P1336 Case Learned Error

1999 Chevy K2500, 5.7L, 4 spd Auto, with A/C, with cruise, anything else needed?
What does it mean? How do I fix it?

Add pictures here
<% if( /^image/.test(type) ){ %>
<% } %>
Add image file
ed here's what i found:
good luck
The crankshaft position (CKP) sensor is mounted in the front of the engine behind the harmonic balancer. The CKP sensor works in conjunction with a 3X (4X on V8 applications) reluctor wheel mounted on the front of the crankshaft. The CKP sensor has a B+ power supply, a ground, and a signal circuit.
As the crankshaft rotates, the reluctor wheel teeth interrupt a magnetic field produced by a magnet located in the sensor. The sensors internal circuitry detects this field and produces a frequency which the control module monitors on the signal circuit. The control module uses this signal in order to accurately measure crankshaft velocity, which is important to ignition control spark timing, fuel injector timing, and for misfire detection.
The control module can detect small variations in the CKP sensor and reluctor wheel. These part tolerances must be learned by the control module before an accurate CKP signal can be determined. At high engine speeds, slight variations in the following components make misfire detection difficult:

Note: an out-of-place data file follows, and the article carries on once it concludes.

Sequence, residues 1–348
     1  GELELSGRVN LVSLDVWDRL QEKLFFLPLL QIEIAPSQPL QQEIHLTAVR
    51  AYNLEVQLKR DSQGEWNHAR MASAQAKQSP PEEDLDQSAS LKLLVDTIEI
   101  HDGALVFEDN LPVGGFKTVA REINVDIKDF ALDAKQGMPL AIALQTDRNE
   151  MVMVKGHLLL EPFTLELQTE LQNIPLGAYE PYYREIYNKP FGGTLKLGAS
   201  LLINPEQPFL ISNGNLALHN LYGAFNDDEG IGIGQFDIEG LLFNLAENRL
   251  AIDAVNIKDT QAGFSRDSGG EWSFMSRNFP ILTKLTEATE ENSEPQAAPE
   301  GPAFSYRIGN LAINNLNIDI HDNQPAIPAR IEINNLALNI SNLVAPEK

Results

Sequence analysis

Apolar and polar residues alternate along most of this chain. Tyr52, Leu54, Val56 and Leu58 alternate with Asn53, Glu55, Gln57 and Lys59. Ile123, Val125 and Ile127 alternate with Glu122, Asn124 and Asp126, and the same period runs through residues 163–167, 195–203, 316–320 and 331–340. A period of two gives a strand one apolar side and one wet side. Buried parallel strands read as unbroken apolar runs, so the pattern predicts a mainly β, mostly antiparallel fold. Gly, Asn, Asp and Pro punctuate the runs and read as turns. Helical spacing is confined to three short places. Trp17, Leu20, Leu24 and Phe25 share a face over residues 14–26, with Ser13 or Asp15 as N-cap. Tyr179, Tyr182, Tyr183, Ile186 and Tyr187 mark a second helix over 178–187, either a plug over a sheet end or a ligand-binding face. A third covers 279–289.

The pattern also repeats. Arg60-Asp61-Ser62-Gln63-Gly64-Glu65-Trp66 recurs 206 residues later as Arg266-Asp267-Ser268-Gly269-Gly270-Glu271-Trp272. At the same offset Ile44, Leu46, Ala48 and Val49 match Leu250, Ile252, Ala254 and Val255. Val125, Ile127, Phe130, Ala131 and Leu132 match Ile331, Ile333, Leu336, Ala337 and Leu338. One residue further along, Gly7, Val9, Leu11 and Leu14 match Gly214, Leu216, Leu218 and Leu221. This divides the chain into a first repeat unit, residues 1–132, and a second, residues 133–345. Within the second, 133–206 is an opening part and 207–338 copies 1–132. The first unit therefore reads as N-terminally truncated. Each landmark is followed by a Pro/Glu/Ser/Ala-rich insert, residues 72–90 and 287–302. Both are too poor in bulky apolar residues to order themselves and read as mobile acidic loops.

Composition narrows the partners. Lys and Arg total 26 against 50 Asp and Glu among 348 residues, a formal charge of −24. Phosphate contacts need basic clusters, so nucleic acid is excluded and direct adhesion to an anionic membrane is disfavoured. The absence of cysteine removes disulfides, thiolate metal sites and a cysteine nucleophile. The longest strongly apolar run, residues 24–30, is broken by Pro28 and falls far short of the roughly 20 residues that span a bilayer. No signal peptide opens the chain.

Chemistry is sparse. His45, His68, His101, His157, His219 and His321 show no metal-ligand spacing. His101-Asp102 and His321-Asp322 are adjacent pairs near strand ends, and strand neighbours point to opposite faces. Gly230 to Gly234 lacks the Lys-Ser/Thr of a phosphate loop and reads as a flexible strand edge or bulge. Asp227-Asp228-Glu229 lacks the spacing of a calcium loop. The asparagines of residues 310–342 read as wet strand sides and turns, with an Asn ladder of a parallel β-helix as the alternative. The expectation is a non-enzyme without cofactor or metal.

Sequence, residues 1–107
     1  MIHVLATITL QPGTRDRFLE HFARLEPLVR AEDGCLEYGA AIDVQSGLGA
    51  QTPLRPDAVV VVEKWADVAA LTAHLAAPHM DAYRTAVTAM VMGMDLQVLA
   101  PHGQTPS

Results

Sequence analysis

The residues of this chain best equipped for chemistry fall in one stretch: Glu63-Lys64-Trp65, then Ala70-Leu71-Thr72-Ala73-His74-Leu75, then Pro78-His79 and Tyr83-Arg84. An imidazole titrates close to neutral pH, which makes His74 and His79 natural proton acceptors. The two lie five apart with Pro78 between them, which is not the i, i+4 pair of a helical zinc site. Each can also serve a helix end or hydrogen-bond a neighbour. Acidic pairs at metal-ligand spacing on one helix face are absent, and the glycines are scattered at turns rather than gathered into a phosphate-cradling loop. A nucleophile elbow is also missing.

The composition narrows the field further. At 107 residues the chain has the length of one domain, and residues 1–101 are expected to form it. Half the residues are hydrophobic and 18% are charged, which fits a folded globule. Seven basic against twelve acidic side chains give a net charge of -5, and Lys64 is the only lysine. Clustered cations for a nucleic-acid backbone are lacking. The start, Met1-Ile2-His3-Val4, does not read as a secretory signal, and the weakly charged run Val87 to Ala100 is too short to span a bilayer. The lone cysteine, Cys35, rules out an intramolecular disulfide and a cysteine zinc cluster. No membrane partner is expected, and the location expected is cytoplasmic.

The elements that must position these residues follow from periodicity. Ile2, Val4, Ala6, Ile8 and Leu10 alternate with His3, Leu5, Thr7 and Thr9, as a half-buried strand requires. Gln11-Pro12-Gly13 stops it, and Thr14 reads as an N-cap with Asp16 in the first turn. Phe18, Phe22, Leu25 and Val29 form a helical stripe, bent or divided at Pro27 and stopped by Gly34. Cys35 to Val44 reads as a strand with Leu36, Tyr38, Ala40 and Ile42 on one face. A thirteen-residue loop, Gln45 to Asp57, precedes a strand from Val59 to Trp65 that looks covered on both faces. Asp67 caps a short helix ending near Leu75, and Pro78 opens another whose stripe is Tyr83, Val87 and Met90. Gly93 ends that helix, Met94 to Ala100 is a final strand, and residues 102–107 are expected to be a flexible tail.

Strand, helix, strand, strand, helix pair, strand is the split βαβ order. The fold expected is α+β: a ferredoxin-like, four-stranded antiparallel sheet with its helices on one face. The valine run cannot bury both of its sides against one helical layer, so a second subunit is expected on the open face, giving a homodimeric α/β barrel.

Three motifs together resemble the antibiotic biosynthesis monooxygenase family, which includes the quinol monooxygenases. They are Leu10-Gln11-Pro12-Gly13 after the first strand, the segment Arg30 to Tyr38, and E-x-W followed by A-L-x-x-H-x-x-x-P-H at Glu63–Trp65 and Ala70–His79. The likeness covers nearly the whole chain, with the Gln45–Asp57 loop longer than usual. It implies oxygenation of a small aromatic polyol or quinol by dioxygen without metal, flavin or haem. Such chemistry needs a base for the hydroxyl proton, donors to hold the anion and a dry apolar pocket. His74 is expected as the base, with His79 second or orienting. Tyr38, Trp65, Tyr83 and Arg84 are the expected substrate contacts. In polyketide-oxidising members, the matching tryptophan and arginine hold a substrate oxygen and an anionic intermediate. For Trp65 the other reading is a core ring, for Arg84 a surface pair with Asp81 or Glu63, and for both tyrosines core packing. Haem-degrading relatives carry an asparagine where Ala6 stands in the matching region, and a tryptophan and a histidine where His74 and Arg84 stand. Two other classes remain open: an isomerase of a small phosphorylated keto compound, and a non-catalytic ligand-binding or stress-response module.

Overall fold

Crankshaft Reluctor wheel CKP sensor The control module learns variations during the Crankshaft Position System Variation Learning Procedure, and compensates for these variations when performing misfire calculations. Only a scan tool can command the control module to perform the Crankshaft Position System Variation Learning Procedure.
Perform the learning procedure after the following actions:
A control module replacement Any operation or repair involving the crankshaft, the CKP sensor, or the CKP sensor to reluctor wheel gap relationship An engine replacement
Important A control module power disconnect with the ignition ON may erase the stored pulse value and set the DTC P1336.
Disconnecting the control module will not erase the learned crankshaft position system variation as long as the ignition switch is in the OFF position.
Important Reprogramming the control module does not require running the Crankshaft Position System Variation Learn Procedure unless the module is new or from another vehicle.
If the crankshaft position system variation is not within an acceptable range, or can not be learned, DTC P1336 sets.
Conditions for Running the DTC The engine is running.
Conditions for Setting the DTC The VCM has not learned the crankshaft position system variation